After learning more about Día de los Muertos at the workshop, I was reminded of Obon Odori, a Japanese festival for the dead held in late summer. Like Día de los Muertos, Obon Odori is held to honor the dead as they return from the spirit realm for a night of festivities. I think it’s beautiful that both cultures portray death as another part of life, not something entirely separate. Those who have passed are still a part of our everyday lives, even if we may not physically see them, so we should always keep them in our minds and hearts.
Although I am not accustomed to celebrating Día de los Muertos, having the opportunity to design a shoebox altar dedicated to my paternal grandfather was a meaningful experience that I plan to continue in years to come. I am grateful to the Hannon Library staff, especially Ray Andrade, for providing resources and guiding me through the process of creating these altars that celebrate those who we have lost.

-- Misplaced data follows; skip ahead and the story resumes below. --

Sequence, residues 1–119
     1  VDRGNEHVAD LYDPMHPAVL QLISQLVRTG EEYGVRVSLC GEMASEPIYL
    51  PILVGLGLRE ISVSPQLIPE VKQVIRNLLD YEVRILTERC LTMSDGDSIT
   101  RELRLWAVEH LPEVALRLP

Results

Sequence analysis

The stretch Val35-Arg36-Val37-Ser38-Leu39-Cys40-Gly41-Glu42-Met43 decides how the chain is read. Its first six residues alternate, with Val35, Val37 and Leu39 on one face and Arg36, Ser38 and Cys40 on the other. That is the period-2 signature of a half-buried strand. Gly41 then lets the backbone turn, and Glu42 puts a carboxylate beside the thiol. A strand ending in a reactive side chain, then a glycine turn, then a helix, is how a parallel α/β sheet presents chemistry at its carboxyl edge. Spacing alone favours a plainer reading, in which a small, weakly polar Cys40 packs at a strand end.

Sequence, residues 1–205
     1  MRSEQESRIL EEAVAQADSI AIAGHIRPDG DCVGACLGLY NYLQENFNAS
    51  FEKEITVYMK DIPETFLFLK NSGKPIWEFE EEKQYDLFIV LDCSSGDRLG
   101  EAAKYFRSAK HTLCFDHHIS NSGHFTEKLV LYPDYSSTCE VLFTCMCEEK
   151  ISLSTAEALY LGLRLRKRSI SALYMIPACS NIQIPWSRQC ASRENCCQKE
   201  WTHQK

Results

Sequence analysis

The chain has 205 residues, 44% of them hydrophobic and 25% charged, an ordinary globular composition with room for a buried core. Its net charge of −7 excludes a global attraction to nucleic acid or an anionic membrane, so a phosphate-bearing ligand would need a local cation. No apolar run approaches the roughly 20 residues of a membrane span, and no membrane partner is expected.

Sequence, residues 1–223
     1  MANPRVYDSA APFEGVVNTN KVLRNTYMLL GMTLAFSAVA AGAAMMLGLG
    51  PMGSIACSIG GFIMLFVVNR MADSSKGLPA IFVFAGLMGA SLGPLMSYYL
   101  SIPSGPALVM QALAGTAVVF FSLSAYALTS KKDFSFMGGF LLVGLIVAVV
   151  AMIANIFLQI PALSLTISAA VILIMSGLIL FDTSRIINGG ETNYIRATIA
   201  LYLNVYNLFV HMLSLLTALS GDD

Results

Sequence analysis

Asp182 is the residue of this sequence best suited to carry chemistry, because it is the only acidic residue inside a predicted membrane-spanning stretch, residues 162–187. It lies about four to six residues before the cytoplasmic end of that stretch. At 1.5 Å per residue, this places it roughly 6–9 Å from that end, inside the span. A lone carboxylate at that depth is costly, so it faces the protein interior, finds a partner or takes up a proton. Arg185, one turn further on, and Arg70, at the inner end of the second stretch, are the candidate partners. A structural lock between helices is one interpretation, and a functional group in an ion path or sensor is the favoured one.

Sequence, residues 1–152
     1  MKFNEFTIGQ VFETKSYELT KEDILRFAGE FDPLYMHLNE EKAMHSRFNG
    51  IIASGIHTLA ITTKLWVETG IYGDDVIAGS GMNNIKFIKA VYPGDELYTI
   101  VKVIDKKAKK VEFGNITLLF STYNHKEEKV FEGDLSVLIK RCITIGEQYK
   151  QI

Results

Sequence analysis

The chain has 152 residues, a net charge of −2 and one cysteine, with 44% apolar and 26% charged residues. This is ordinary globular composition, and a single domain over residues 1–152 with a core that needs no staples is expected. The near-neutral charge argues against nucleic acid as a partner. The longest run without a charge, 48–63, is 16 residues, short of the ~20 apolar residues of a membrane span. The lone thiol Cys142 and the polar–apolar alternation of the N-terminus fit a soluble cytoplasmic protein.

For those who missed the workshop on creating these altars, here are some of the steps I followed to build my shoebox altar. First, I glued the side of the shoebox lid to the side of the shoebox such that the two indentations were facing the same direction. Participants may optionally paint their shoebox; however, I chose not to as I liked the lavender color of my box. Next, I selected and printed out a picture of a deceased loved one, who in my case was my grandfather. After displaying this photo in the middle of my altar, I decorated around it with a variety of items including tissue paper marigold flowers, battery-operated candles, and some of my grandfather’s favorite foods like chocolate, apples, and wine. Some other decoration materials that could be used are papel picado (perforated paper), calaveras (skulls), ribbon, yarn, tissue paper, and construction paper. The decoration process is up to the designer as we all create ofrendas to commemorate and remember our deceased loved ones.